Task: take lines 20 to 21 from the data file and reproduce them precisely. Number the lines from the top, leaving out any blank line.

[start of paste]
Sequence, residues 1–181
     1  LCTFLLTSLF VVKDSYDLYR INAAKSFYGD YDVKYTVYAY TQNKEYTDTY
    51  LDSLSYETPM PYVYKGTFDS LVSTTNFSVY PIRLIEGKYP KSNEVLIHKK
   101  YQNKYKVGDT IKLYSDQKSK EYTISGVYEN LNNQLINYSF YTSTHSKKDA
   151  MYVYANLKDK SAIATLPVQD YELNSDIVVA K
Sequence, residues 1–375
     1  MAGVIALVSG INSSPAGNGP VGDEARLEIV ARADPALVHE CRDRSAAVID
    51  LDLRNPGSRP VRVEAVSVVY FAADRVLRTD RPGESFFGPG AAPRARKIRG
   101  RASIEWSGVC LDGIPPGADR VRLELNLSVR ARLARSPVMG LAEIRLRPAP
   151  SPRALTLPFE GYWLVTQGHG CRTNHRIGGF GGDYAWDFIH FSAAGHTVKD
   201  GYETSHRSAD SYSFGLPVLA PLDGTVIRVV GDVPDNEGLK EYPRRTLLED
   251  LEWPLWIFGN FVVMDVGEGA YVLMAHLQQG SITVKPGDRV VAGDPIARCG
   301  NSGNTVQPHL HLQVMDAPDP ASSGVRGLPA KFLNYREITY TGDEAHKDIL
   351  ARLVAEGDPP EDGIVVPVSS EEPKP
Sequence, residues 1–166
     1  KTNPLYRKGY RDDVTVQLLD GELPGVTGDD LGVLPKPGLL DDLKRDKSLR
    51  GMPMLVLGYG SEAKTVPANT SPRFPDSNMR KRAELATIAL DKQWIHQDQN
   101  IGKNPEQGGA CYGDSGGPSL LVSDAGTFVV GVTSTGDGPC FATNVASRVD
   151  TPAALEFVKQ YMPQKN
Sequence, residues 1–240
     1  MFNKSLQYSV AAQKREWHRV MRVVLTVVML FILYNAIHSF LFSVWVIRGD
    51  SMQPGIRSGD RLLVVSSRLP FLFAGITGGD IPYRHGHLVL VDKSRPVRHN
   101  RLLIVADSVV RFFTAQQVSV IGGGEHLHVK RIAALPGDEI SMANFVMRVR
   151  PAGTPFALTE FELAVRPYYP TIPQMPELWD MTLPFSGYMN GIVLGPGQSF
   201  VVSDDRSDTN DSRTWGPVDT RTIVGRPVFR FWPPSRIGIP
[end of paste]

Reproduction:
Sequence, residues 1–240
     1  MFNKSLQYSV AAQKREWHRV MRVVLTVVML FILYNAIHSF LFSVWVIRGD